When Angus was in grade one, he made a friend named Eric. Eric was short and small and cute and red-haired. He was also a champion bullshitter, and there came a point in their relationship where if Eric told Angus something with absolute authority, nothing I said would sway my sweet, naive little boy to believe differently. Everybody in their class was failing math? Eric’s bed was on fire and firemen came to his house and carried the flaming bed down the stairs and up the street to the firehouse? There was a ghost haunting Manotick Pool? All true – Eric said so.
It’s hard for me to fault Angus for this, since I was the world’s most gullible child myself. One might think that all the reading I did would have broadened my knowledge base and created a little cynicism, but I think it might have done the opposite; it made it seem that anything was possible, so when people told me things that were outlandish and highly unlikely, I believed that they were… possible.
In kindergarten, there was a word scratched into the top of the play structure. Another girl told me it meant friendship and said I should use it in class. I could read a lot of words by the time I was in kindergarten, but my vocabulary was not wide enough to know that F-U-C-K does not mean friendship – at least not until I tried using the word in class.
In the small town where I lived, there was a place called Anderson’s Farm. It was a collection of buildings, a barn and a windmill near an elementary school; in the winter, we cross-country skied around the fields. In grade one or two, I was in my backyard with a friend from my street and we could see the windmill in the distance. She told me in a hushed, intense voice about a girl who was taken prisoner by people who lived at the farm. They cut off her head and her little finger (for use in some profane pinky-requiring Satanic ritual, no doubt) using the windmill, and if you looked at it up close there was STILL BLOOD on the blades. I told this breathlessly to my mother later on, who asked drily if I supposed that it hadn’t rained in all the years since this foul deed had taken place. I shook my head sadly at her laughable logic – rain doesn’t wash off blood used in demonic rites, MOM. It had to be true, after all – Tammy said so.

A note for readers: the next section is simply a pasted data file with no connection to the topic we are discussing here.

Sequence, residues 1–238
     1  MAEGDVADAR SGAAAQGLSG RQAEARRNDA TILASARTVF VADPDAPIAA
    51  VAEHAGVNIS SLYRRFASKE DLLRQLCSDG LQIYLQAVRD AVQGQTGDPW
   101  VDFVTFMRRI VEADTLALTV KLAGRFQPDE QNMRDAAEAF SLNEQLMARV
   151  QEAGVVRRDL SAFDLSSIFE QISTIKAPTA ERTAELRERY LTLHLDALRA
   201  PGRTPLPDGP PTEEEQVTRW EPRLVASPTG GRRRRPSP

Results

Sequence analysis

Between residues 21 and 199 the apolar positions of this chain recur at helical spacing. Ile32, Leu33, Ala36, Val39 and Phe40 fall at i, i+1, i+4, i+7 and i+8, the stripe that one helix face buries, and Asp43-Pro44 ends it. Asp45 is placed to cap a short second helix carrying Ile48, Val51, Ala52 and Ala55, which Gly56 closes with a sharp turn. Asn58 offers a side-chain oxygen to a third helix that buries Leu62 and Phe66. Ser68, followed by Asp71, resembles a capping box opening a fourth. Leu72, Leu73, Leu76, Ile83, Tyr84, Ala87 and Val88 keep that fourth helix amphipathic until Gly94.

I also remember crying in grade four because one of my best friends said she had heard that some psychic lady had predicted that the world would end at midnight on the upcoming New Year’s Eve. She had made other predictions, and she had NEVER BEEN WRONG. I tried to tell myself it was nonsense, but at the same time I kept thinking, well geez, the world is really old now, maybe it makes sense that it’s almost done. My teacher clearly didn’t know whether to give me a consoling hug or smack me for being such a dough-head.
I had to kiss and hug all my stuffed animals and tuck them in every night just on the off chance that all those books about toys coming to life after their owner left the room were true – how horrible would it be if they were, and my toys felt unloved? Chain letters were absolute torture – my hand would be curled into a useless claw, but if I didn’t finish them all, surely dreadful things would happen. Séances? I would nearly vomit in terror (thank-you, grade six camping trip from which it took me years to recover).
In a way I regret how world-weary I’ve become since then. Miracle cures? Cosmic coincidences? Near-death experiences? I roll my eyes at everything. If I can’t verify it with two independent sources, it didn’t happen. A balance between the two extremes might be nice – having your head on straight but leaving a little room for magic and mystery. I guess that’s why I still read.
As a child, were you a susceptible sucker or a sophisticated skeptic?